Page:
Lecture: 'No Go World': how fear is redrawing our maps and our politics by Ruben Andersson (University of Oxford) followed by panel with Ludo De Brabander (Vrede) and Mark Akkerman (Stop Wapenhandel)

27-02-2020 from 17:30 to 19:30
Filmplateau, Paddenhoek 3, 9000 Gent
Department of Conflict and Development Studies
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Debates in Conflict & Development - Bordering Europe: The securitization of the Europe's migration and development policies.

Abstract of this lecture

Drawing on his new book, No Go World, Ruben Andersson will in this talk argue that international security interventions in global crisis zones need an urgent rethink. Since the onset of the war on terror, we have seen the spread of ever-larger 'no-go zones' across the world map, seen as constituting a danger especially to Western states and citizens. One such zone is the conflict-hit West African Sahel, now in the crosshairs of various European counterterror and migration control operations. Visiting the bunkered-up field offices of the United Nations and border security operatives working remotely on the Sahel, the talk will show how a short-sighted political focus on containing distant dangers has led to more dangers for us all, creating a negative spiral from which it is becoming increasingly hard to extricate ourselves.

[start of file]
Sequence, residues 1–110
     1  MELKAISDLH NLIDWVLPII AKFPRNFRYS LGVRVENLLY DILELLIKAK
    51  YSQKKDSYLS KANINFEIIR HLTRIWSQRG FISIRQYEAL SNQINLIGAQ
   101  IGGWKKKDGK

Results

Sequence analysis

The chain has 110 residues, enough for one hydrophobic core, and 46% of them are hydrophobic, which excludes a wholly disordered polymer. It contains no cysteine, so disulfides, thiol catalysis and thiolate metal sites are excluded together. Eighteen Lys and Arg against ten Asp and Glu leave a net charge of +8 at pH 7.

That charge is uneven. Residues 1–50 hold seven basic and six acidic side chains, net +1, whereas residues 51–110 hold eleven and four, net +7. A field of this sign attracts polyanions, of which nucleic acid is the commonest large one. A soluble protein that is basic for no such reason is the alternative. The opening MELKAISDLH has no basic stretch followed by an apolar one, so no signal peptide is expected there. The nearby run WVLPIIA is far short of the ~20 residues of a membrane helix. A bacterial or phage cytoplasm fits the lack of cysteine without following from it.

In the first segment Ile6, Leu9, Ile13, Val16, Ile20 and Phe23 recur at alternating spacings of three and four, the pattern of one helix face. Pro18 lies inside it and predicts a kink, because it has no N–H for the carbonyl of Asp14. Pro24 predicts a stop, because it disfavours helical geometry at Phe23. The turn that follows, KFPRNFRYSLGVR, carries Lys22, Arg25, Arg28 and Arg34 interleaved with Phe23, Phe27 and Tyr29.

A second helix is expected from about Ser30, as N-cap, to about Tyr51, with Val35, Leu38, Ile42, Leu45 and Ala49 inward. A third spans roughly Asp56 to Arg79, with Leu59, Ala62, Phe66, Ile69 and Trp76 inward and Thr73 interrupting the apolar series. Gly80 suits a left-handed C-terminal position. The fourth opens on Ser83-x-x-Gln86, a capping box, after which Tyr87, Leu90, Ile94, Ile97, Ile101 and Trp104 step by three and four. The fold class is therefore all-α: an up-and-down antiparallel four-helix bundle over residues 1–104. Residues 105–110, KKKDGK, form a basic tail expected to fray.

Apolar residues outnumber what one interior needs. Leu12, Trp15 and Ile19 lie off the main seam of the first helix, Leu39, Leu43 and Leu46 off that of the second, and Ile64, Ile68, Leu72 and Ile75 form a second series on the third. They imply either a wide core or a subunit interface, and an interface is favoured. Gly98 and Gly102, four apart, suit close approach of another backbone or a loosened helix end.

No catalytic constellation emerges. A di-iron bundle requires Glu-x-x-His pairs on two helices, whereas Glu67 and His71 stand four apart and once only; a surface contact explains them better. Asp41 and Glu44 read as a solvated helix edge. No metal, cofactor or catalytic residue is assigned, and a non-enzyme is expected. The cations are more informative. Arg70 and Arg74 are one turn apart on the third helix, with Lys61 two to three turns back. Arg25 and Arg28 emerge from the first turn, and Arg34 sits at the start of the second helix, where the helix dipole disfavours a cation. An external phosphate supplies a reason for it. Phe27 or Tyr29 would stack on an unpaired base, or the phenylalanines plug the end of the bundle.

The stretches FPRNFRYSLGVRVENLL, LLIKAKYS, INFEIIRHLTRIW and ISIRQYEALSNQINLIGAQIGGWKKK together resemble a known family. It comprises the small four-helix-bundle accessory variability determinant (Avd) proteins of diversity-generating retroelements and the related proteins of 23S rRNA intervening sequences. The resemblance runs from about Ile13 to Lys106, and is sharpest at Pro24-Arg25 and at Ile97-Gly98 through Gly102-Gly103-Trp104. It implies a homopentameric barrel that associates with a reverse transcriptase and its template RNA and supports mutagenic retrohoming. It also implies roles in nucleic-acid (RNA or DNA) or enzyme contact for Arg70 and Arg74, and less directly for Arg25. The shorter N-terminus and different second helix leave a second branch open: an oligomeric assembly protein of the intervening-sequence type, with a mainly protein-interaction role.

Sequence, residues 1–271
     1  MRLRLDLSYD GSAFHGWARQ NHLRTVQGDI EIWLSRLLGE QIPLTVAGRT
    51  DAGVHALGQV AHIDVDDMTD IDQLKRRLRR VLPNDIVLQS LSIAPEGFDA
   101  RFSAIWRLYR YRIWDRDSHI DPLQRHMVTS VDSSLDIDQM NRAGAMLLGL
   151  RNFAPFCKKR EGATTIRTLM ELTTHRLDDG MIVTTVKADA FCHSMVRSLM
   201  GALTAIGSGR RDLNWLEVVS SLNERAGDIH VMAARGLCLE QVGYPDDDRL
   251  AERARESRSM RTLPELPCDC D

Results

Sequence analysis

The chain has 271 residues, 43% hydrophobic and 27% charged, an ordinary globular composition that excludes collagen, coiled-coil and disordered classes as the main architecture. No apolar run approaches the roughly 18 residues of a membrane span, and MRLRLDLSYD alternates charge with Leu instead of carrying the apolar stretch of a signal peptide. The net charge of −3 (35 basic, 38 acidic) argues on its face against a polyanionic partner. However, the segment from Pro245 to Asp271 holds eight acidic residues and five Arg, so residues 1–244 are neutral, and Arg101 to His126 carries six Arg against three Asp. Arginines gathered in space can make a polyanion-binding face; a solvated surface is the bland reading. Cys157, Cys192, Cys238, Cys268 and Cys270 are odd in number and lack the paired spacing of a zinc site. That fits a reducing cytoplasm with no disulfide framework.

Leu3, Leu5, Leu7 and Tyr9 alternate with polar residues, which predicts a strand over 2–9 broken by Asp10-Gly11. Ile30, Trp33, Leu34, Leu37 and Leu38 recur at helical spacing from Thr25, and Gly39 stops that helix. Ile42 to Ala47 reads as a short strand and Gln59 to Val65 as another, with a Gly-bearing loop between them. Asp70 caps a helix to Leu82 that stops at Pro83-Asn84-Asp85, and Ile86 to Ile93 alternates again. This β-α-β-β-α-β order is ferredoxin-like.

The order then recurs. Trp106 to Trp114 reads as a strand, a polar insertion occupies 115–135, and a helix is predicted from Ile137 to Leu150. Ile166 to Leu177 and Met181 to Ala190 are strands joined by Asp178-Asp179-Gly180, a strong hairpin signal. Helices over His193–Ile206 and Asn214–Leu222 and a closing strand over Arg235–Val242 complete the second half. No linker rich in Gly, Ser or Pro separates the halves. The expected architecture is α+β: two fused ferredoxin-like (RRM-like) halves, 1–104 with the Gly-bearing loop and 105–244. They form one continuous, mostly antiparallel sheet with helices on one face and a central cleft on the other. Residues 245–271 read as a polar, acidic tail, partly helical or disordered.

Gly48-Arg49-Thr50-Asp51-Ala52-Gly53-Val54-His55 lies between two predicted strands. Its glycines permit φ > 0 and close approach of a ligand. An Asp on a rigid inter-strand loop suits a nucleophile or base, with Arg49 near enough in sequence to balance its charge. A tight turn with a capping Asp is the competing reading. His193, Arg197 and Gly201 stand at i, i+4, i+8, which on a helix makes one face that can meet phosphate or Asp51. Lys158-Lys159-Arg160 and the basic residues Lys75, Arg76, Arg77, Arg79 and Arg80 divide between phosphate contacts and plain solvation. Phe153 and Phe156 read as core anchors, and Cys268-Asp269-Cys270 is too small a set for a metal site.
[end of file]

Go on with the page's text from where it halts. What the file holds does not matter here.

Ruben Andersson is Associate Professor of Migration and Development at the Oxford Department of International Development (ODID) at the University of Oxford. Andersson is an anthropologist working on migration, borders and security with a focus on the West African Sahel and southern Europe. He is the author of Illegality, Inc.: Clandestine migration and the business of bordering Europe (University of California Press 2014), an ethnographic account of European efforts to halt irregular migration, accompanies border agencies, aid organisations and migrants along the Spanish-African borders. The book shows how the ‘fight against irregular migration’ has fuelled distress and drama at the borders, which in turns has led to the expansion of a self-reinforcing industry of controls. Andersson’s latest book No Go World: How fear is redrawing our maps and infecting our politics (University of California Press 2019) looks comparatively at remote-controlled interventions and the selective withdrawal of international actors from global 'crisis zones'. Taking as its starting point the conflict in Mali in the West African Sahel, it explores how the mapping of danger, the perception of risk and the politics of fear have all contributed to framing and fuelling security, aid and border interventions in the Sahel as well as in other settings such as Somalia, Libya and Afghanistan. Prior to joining ODID, Ruben worked at the London School of Economics and at Stockholm University, where he remains an associated researcher.